„Merit can't be stolen by thieves."

“Monks, if beings knew, as I know, the results of giving & sharing, they would not eat without having given, nor would the stain of selfishness overcome their minds. Even if it were their last bite, their last mouthful, they would not eat without having shared, if there were someone to receive their gift. ” (Iti 26)

The Buddha used the Pali word “dāna” to describe generosity. Activating generosity within us is the first instruction the Buddha gave to lay people. It was his first step teaching us to open our hearts to help make us successful in life and in spiritual development.

There are these three types of generosity taught by the Buddha.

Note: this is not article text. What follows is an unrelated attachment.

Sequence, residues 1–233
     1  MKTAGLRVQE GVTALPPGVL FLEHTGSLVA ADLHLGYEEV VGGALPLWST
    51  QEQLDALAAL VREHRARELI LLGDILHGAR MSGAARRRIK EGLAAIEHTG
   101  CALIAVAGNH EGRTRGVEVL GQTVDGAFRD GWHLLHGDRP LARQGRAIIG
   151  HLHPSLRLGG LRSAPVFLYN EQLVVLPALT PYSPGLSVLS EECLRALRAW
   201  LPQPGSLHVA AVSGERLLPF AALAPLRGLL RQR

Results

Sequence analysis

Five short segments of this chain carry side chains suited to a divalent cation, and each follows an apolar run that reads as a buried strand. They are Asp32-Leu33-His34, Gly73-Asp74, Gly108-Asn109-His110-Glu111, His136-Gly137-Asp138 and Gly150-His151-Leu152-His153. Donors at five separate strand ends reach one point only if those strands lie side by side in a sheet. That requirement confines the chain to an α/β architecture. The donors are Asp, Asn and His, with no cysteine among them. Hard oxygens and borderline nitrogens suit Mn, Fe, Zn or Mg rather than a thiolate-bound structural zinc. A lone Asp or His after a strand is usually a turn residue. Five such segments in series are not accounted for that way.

generosity of mind:

We learn to cultivate wholesome thoughts to support ourselves and those around us.

generosity of speech:

We use kind and wise words with good intention to help ourselves and others to be successful in life. 

generosity of bodily actions:

We are doing good deeds that help your family, teachers, and others in your life whenever there is need. It also means the direct act of offering dana as described below.

"Should a person do good, let him do it again and again. Let him find pleasure therein, for blissful is the accumulation of good." (Dhp 118)

In Buddhist Asian countries, lay community members support programs and activities at monasteries and meditation centers by providing goods and services to sustain their highly valued role in society. These traditional communities make it possible to build housing; provide transportation, clothing, food, and medicine to  monastics so that they can dedicate themselves full time in teaching and preserving the riches of wisdom and compassion found in the Buddha’s Teachings.

For an in depth article on all the aspects of Dana you might enjoy this publication.

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